Anyone thinking that artificial intelligence has swept through the marketing industry like a tsunami, leaving everything else in its wake, could be wide of the mark, with many of the world’s biggest brands facing severe delays in implementing the technology due to ethical issues.
That is according to Algomarketing’s Global Marketing Operations, AI & Automation Index, which quizzed over 300 global marketing leaders, working in companies with 10,000-plus employees to discover into the current state of AI and automation within marketing operations, uncovering challenges, opportunities and aspirations.
The study reveals that almost four-fifths (77.5%) of firms have been forced to delay implementation of AI and automation due to concerns about bias and fairness, with 32.7% saying delays have been significant.
Meanwhile, more than half (51.3%) of global marketing leaders say cost is a major challenge when adopting the technology, and only slightly fewer (44.4%) said they have issues finding people who have the skills in marketing and AI to undertake projects.
However, all is not lost; just under a quarter (23.2%) of the world’s biggest companies have adequate internal resources to take advantage of new technologies, with over half (52%) opting for a blended skills approach to AI implementation using in-house staff alongside external suppliers.
Interestingly, the study shows the potential impact of AI tools within marketing operations. Almost a quarter of firms (23.2%) are seeing a 75% increase in return on investment in marketing spend. The majority (68%) reported an increase of between 50% and 74%, while not a single business reported less than a 50% increase in ROI.
When it comes to using AI marketing tools, the study found that US-based marketers are less likely to have adopted the technology than their counterparts in other regions. Only 26.7% of American and 14% of Singaporean marketers said they have been using AI tools in the past three years. This compares to 54.5% Australians and 45.3% of Brits.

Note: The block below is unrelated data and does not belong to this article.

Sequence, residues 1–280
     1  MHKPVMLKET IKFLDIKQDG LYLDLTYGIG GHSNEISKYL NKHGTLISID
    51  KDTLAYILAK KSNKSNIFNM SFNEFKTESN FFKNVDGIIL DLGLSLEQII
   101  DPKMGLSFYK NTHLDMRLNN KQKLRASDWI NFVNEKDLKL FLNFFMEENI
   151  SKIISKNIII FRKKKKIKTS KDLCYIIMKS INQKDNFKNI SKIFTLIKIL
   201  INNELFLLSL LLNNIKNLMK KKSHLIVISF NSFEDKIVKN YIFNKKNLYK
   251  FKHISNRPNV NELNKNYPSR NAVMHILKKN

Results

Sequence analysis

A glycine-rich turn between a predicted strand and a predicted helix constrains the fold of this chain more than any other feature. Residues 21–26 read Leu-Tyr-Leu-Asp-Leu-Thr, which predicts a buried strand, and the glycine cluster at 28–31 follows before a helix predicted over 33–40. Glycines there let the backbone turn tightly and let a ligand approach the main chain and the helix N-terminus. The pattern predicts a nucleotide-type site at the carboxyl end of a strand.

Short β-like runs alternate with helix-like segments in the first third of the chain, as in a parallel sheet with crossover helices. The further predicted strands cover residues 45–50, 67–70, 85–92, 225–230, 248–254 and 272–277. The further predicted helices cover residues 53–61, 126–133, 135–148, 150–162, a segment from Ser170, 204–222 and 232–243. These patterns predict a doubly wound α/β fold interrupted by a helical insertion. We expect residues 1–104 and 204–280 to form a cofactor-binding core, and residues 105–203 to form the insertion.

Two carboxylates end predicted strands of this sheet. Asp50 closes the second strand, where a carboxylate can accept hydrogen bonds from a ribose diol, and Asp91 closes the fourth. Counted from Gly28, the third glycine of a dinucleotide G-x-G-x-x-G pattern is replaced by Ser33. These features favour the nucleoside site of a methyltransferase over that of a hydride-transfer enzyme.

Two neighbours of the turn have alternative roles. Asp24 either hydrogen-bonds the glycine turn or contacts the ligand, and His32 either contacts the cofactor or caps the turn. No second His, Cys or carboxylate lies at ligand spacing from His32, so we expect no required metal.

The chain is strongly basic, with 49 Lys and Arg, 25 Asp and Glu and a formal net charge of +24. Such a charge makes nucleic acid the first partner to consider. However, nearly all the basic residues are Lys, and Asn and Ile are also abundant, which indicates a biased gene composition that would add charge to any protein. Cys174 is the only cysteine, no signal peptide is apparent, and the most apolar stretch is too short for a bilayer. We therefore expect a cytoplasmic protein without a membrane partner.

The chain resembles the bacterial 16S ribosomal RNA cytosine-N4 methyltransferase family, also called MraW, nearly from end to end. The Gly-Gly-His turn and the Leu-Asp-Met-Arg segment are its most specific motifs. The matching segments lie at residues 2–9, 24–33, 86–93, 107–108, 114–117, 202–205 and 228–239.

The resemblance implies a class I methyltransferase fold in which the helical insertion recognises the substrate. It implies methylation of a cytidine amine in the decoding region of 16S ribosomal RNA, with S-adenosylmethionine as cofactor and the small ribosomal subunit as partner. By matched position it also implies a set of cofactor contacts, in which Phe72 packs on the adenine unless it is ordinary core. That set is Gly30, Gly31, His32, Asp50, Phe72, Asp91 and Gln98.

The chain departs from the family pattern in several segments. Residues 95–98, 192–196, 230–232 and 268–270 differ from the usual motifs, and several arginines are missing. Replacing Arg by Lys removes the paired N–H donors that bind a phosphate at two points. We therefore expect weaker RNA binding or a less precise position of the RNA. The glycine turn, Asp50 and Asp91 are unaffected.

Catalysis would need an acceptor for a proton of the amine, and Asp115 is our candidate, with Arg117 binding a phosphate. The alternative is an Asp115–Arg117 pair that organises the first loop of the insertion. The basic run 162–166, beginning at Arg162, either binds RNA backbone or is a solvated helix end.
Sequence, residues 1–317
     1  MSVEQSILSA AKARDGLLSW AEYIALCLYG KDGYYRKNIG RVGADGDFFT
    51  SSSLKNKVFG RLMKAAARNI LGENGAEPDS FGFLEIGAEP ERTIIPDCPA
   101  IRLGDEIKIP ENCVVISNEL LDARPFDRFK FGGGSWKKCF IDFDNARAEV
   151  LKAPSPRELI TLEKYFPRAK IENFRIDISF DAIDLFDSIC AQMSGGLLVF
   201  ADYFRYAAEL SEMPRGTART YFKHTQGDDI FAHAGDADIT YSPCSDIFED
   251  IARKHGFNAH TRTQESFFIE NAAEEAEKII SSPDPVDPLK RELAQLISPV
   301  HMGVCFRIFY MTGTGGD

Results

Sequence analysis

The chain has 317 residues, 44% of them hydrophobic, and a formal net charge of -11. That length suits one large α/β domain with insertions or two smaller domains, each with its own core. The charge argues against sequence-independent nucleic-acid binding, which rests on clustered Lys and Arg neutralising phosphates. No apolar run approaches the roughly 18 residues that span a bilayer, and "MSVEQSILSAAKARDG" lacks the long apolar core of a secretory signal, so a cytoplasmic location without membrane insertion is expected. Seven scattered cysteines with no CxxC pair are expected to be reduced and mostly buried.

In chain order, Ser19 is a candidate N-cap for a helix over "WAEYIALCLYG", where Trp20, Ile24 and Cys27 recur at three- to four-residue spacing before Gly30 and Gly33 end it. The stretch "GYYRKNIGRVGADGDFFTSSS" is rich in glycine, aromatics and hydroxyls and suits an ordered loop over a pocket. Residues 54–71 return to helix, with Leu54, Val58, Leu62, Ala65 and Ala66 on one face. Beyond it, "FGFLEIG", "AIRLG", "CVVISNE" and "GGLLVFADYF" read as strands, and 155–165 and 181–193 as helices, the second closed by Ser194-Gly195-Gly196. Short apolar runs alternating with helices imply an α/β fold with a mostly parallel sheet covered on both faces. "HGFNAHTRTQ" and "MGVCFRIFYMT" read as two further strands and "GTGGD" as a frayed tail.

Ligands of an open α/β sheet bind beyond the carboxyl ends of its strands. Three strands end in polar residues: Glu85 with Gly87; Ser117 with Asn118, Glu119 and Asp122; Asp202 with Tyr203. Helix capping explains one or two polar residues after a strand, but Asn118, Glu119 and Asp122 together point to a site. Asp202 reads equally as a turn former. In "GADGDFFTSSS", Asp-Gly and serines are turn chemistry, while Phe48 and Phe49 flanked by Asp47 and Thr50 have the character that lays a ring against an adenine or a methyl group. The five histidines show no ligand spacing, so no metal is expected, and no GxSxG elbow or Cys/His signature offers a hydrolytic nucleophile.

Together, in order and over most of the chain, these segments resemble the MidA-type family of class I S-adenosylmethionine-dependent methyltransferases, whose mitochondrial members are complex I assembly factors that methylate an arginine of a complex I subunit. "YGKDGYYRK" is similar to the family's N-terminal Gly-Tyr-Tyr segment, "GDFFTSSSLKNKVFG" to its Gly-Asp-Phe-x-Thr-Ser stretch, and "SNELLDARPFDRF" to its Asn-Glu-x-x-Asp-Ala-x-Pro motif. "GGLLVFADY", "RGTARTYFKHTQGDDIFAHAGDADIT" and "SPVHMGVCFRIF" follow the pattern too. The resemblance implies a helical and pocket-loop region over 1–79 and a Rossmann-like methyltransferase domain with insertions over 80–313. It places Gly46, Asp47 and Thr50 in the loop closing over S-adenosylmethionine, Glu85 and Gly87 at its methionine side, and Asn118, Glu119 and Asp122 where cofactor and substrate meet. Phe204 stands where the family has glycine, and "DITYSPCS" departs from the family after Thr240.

These two territories are also leading the field when setting budgets for the next financial year. Two-thirds (65.5%) of respondents in Australia and 62.5% in the UK are committed to increasing spending in 2024. These two territories are also most likely to be hiring additional talent (69.1% Australia and 48.4% UK) compared to the US (40%).
Algomarketing chief executive Yomi Tejemola said: “This study shows that AI and automation are hugely under-used within the in-house marketing operations teams at some of the world’s largest enterprises.
“Although initial investment in AI is evident, most enterprises are continuing to use traditional or insight-driven marketing approaches.
“This means that, although they may be leveraging data and analytics to inform their strategies, they continue to rely on the interpretation and judgement of their marketers to inform their subsequent actions rather than using AI and automation which can interpret data, make decisions and execute actions independently, all with minimal human intervention.
“Algorithmic marketing moves brands that are embracing AI and automation trials towards a future of autonomous marketing.”
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